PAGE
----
JM: Well, I’d been working at a plumbing supply warehouse here in town and I started to do writers-nights. I was like I gotta do something for someone to see me and know I’m here. I started at the Boardwalk on Nolensville Road and that was OK. And then my buddy Ray Scott, who’s from North Carolina too, I had known Ray back in Carolina and he’d moved here like a year before I did. Ray and I went out to the Broken Spoke on Trinity Lane one night. I was blown away by this writer’s night. Because the level of talent was great and there were also professionals playing there. I though “You know what, If I came to play here every chance I could, I’d probably stand a good chance of getting discovered, getting somewhere with somebody hearing me. So I did that for a couple years, obviously wrote new songs along with that.

During the day time while working at the Plumbing supply warehouse, on my lunch break, I’d cold-call publishers, and most of them would just flatly reject you, but some of them would say, “Yeah, send me a disc” or “I’d like to meet you.” There some publishers along the way who kind of helped me along and at least took the time to listen to tell me what they thought.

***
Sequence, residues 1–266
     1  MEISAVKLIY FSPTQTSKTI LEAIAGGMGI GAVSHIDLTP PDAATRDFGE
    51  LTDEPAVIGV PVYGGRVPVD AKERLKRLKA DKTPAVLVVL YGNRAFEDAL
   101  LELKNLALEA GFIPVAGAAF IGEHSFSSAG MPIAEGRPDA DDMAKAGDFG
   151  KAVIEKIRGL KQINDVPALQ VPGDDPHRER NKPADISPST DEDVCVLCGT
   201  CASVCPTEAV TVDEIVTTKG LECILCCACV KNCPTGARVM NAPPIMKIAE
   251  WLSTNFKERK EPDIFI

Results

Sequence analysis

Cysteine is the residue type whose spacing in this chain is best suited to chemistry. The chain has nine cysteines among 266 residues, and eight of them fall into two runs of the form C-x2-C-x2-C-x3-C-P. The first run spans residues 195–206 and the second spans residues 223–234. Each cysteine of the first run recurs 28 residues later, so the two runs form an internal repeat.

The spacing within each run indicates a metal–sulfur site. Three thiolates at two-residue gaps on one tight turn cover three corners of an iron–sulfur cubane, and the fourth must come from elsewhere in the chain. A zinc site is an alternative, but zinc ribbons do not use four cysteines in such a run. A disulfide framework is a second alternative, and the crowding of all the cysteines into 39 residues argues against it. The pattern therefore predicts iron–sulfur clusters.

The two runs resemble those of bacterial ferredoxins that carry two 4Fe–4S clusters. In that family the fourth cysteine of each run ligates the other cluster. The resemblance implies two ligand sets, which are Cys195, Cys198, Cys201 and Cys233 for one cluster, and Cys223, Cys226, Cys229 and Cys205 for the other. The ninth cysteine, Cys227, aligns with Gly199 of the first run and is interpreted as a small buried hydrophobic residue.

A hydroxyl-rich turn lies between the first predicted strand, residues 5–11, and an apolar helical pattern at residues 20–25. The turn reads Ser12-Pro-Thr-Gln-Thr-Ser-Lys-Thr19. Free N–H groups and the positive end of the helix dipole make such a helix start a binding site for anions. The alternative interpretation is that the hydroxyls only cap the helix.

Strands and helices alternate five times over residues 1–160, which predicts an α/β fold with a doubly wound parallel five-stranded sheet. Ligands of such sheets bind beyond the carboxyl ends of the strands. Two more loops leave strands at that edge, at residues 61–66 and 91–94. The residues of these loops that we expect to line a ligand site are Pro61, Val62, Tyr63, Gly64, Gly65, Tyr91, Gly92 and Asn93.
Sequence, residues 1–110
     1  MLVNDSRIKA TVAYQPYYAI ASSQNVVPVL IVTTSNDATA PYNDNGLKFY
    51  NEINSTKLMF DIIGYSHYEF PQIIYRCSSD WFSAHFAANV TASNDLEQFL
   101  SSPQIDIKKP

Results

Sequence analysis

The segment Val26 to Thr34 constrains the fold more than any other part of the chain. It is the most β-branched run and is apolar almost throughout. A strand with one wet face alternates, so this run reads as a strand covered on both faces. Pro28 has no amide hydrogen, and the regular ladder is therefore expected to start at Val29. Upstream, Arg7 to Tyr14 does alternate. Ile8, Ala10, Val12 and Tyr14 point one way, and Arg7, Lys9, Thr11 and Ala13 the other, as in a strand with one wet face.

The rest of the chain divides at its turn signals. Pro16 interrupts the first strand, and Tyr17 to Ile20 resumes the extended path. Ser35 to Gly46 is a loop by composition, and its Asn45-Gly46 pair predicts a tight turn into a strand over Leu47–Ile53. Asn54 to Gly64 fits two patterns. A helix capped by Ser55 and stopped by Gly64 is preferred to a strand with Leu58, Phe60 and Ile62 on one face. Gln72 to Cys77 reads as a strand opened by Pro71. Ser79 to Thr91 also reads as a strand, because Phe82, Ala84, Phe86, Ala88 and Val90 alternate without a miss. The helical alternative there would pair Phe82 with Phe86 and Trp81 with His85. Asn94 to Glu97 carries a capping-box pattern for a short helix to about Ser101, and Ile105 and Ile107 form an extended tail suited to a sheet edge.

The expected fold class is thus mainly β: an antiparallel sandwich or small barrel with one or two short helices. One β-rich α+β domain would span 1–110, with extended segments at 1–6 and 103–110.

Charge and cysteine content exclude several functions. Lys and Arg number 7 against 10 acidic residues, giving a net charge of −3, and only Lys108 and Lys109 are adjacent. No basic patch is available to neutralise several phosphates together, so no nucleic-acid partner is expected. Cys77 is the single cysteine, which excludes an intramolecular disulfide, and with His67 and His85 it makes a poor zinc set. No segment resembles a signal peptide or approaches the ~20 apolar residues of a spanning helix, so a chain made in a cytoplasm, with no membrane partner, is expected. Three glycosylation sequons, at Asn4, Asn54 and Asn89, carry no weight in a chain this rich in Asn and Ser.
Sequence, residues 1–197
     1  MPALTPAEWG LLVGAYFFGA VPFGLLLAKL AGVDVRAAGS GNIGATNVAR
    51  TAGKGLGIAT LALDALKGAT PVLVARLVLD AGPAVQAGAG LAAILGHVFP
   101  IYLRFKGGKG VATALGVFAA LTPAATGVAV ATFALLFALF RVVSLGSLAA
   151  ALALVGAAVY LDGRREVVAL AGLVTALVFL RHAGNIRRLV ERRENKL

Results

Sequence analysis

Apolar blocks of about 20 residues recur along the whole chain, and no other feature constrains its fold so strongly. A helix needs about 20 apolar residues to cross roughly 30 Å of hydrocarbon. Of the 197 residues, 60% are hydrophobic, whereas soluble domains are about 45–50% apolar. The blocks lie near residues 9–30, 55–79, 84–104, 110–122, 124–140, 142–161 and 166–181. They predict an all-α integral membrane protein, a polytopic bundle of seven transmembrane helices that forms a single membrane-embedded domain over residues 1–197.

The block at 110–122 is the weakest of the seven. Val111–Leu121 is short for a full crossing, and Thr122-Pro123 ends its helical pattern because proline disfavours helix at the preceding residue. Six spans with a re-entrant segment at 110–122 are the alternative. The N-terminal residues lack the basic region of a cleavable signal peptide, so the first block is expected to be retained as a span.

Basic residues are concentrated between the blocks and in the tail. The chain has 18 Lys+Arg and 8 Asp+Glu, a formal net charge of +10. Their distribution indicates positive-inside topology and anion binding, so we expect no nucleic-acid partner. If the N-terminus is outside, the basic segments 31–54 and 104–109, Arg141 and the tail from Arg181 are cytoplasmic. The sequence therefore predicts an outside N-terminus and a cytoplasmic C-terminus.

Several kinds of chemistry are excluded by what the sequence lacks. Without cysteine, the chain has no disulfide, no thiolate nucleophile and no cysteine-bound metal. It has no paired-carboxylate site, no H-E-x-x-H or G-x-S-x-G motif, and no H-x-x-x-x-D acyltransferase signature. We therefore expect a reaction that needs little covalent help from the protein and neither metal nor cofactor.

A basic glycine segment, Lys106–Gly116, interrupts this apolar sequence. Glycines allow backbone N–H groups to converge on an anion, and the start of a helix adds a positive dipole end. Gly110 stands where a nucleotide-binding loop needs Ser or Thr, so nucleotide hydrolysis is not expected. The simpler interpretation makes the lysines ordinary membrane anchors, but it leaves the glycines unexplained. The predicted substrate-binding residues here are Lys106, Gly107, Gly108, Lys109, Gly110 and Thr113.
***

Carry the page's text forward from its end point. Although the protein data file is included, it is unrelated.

At the spoke, after a year or so of doing that, one of the big writers in there, Reese Wilson came up to me one night, When I started I had this nieve notion of “if I come here and play songs every night, one will knock him off his bar stool and make him want to work with me. And sure-enough, that’s what happen. The second song we wrote together, it was called “Take Me Too,” got me a publishing deal with Hammstein. Billy Joe Walker, Jr. cut it on Tracy Byrd for his Greatest Hits album and then Tony Brown pulled the project out from underneath him and cut “When Momma Ain’t Happy” and Tracy got all pissed off and left the label.